Marijuana is perhaps the substance that best represents the US switching its sentiment. In 1969, for example, only 12% of Americans supported legalization. According to Pew Research, this figure increased to 61% of Americans in 2017.
As a result, 29 states, including the District of Columbia, Guam, and Puerto Rico, made medical use of marijuana legal. Besides, there are eight states and the District of Columbia where recreational activities with marijuana are legally permitted. As more states are increasingly legalizing the use of marijuana, measures should be made to cut down Drug abuse.
Changing the Approach of Punishment for Drug Abuse
It’s not just about drug legality; it’s also about whether or not to descplining or treating those who have been arrested for illegal drug use or sales. For several years, this has been a topic in Leading public health programs and the field of addiction treatment as we try to help those addicted to drugs and alcohol become functional and contributing members of society. According to a 2012 drug use study conducted by the Substance Abuse and Mental Health Services Administration (SAMHSA), 63 percent of Americans agree it is a positive idea for state governments to move away from mandatory jail sentences for non-violent drug offenses. This orientation is a significant shift from 2001 when 47% believed mandatory incarceration was a good idea. Furthermore, 67 percent believe the government should devote more resources to treating people who use illicit drugs like heroin and cocaine. This belief unlike the earlier beliefs following the history of drug abuse contrasts with 26% who believe the emphasis should be on punishing illicit drug users.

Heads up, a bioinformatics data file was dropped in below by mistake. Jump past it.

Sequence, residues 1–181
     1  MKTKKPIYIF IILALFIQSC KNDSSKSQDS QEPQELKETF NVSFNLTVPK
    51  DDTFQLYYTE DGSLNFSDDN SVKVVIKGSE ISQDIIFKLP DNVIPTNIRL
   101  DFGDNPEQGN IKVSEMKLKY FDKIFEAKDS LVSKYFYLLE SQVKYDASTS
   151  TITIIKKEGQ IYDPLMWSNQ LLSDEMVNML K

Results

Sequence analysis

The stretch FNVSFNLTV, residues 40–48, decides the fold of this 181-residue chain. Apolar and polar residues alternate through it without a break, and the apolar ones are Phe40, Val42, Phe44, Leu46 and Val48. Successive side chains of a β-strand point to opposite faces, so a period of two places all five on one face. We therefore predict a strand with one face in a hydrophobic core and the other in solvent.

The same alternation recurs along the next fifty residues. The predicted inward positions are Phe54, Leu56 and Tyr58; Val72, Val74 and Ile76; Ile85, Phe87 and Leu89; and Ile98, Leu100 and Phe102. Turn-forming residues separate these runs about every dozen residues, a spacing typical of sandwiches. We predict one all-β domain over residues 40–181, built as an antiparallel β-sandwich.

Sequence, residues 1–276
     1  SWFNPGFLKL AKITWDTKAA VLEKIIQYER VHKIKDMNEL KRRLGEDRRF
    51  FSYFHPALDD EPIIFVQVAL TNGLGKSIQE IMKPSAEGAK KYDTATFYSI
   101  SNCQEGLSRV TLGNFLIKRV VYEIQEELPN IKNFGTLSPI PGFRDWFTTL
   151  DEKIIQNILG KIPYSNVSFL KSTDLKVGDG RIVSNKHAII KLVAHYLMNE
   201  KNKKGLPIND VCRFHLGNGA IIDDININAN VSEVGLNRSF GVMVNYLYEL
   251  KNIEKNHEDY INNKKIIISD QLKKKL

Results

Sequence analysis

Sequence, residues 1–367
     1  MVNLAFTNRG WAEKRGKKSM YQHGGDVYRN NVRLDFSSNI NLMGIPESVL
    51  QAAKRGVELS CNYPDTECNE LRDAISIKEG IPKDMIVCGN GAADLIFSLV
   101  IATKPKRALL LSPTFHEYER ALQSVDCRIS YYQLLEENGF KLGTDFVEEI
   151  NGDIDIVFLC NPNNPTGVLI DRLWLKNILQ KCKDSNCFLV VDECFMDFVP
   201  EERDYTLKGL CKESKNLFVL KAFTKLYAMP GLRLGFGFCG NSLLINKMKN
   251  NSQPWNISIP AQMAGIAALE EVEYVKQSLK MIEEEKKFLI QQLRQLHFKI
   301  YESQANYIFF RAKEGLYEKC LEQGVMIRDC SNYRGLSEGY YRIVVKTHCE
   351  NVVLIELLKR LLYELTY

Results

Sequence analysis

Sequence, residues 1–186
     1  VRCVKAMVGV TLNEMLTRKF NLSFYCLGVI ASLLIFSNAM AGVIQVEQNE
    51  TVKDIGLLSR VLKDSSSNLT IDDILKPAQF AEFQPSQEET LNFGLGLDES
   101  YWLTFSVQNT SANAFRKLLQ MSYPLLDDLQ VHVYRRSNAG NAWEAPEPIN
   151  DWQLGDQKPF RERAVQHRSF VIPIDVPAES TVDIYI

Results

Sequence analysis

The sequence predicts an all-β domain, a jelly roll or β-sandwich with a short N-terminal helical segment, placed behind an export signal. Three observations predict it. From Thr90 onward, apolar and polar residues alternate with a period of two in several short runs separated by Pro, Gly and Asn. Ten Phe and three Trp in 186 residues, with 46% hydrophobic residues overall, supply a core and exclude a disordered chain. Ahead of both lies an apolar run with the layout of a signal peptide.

Demographic Change of Drug Users
The shifting demographics of drug consumers are another factor leading to drug use trends or drug abuse in the twenty-first century. Recent patterns, such as those mentioned below, are vastly different from those seen in the second half of the twentieth century. Find out the demographic change of Drug abuse after going through the list below.
More Affluent Population Are Into Drug Abuse
Many people associate the word “drug addict” with the homeless or the disabled. The stereotype, particularly in the twenty-first century, could not be a further from the fact. It is not only the homeless or disabled are into addiction, this perception of Drug abuse should be corrected.
Indeed, affluent children from Alameda and Contra Costa counties in California were to use drugs most likely than their peers from poorer counties, according to the 2007 Healthy Kids Survey. They have the buying power so going into Drug abuse would be easier for them.
This Rise May Be Due to A Variety of Factors, Including:
- “Rich kids syndrome,” in which maternal, societal, and professional responsibilities result in fewer family experiences.
- With hired help, you’ll have more time.
- Overworked lives lead to mental illness and a loss of family connection.
- More money to spend
- More pressure to perform well
Late Users (Baby Boomers)